It goes without saying that if weren’t for Nick Hornby I wouldn’t have written my novel Not Famous. Nick Hornby is credited with starting the lad lit genre, and that’s the genre of my novel. Still, writing any sort of fiction, period, may not have been in the cards for me had it not been for his novel High Fidelity. Naturally, the main character of my book, Nick Forrester, is named after Hornby.
I’m by no means a music obsessive the way Nick Hornby or his character Rob Fleming are, but somehow my first novel ended up being about music anyway. In many ways, my novel’s main character, Nick Forrester, is the opposite of Rob Fleming. Rob is a music collector, while Nick’s music collection sits in a couple boxes in his former bedroom at his mother’s house. He can’t even be bothered to bring it all back to his apartment after a crashed hard drive wipes out the majority of his digitized music library. But, both become infatuated with practicing musicians. Rob has a one-night-stand with Marie LaSalle in the wake of his break-up with his girlfriend. Nick gets into a serious relationship with Alli Conwell a few months after breaking up with his.
Another way I was influenced by High Fidelity specifically in the writing of Not Famous was the use of first person present tense. Most books I read are probably first person past tense, or third person past tense. There are strong feelings about what person and tense is the best. Some people hate first person. I’ve never had a problem with it. Quite frankly, I’ve never had a problem with third person either. But, quite a few lad lit writers use the first person present tense almost as though it’s a signature of lad lit, so I decided it go with that. One reason I like it is first person past tense presents the narrating character from a stand point of knowing what’s going to happen. They are re-telling the story, not experiencing it. I think what I like about the first person present tense is that you, as the reader, are fully immersed in the narrating character’s perception of events as they happen. It’s not an easy way to write, and there are times I cheat a little, (but, then again, so did Nick Hornby in High Fidelity) but only when I felt it worked at that moment.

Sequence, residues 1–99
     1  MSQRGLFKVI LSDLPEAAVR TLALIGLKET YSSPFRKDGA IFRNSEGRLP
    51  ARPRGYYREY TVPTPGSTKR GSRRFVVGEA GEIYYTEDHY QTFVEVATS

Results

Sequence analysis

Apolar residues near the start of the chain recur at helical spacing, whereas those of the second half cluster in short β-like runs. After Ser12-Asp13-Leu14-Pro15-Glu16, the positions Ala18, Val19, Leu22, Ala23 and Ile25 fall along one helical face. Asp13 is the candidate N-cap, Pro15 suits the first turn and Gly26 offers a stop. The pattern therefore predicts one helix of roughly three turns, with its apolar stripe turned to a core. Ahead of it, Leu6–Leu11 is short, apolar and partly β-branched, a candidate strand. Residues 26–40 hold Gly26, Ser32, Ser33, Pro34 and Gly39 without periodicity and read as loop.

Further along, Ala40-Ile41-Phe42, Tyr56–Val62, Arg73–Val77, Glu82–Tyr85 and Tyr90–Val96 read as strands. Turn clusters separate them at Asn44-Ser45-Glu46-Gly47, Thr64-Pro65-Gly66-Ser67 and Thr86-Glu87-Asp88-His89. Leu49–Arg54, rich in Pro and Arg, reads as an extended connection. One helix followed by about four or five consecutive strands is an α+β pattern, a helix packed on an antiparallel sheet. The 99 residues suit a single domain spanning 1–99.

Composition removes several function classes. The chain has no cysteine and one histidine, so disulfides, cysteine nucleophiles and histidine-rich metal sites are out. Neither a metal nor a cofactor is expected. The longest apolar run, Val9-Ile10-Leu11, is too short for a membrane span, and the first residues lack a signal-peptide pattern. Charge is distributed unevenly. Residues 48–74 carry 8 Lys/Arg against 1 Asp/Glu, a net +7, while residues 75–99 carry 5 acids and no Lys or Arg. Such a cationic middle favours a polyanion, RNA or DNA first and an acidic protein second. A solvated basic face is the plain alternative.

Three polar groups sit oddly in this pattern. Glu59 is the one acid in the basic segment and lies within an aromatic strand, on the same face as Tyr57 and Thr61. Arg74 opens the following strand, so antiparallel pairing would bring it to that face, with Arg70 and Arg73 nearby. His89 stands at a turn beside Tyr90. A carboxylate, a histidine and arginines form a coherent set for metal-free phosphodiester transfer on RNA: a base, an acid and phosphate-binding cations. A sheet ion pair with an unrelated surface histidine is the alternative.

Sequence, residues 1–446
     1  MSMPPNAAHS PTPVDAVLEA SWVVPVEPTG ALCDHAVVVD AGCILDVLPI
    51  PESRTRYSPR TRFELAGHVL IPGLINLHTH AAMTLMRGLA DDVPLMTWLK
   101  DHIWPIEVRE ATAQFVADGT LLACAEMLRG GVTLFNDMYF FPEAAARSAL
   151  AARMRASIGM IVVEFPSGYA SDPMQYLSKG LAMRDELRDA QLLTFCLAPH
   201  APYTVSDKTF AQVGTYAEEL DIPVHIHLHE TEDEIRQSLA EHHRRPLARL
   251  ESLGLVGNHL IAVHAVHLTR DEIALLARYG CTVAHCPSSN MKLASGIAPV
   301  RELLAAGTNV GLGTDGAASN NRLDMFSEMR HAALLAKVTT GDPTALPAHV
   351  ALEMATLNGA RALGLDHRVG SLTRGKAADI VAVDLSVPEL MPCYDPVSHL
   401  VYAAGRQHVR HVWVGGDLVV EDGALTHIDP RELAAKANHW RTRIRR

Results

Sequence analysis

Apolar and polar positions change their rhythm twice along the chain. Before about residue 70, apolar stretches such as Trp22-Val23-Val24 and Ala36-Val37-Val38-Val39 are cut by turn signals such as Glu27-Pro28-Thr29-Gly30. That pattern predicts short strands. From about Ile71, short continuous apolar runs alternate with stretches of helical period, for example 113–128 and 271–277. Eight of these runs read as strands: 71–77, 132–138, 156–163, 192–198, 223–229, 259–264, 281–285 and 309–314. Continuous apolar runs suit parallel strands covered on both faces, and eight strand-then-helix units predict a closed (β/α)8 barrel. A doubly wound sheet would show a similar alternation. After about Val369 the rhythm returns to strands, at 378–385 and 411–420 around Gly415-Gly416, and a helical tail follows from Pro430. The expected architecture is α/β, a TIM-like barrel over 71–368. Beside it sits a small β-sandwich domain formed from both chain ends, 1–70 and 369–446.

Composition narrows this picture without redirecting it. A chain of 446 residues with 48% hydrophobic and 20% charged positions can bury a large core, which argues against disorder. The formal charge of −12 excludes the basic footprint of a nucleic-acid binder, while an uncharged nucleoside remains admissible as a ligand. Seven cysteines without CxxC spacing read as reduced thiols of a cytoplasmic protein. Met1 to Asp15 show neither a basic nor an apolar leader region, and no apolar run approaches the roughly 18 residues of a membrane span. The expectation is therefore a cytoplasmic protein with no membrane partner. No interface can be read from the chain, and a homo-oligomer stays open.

My love of Hornby’s books, and the subsequent yearn for more lad lit books led me to discover other authors like Jonathan Tropper, Mike Gayle, Matt Dunn, Matthew Norman, Jon Rance, and Andy Jones. These guys wrote books I liked to read and thus, books like what I eventually wanted to write on my own. All of these authors, in their own way, helped convince me over a period of many years that not only did I have my own story to tell, but that if I wanted to tell it that I had to start writing it.
It only took me seven years to complete the damn thing. But, it’s gone through several edits, and is being proofread for the last time now. In November I’ll be sending out eARCs to reviewers (still looking for more if you’re interested) and I’ve set publication day as January 15, 2019.
It’s happening. Finally.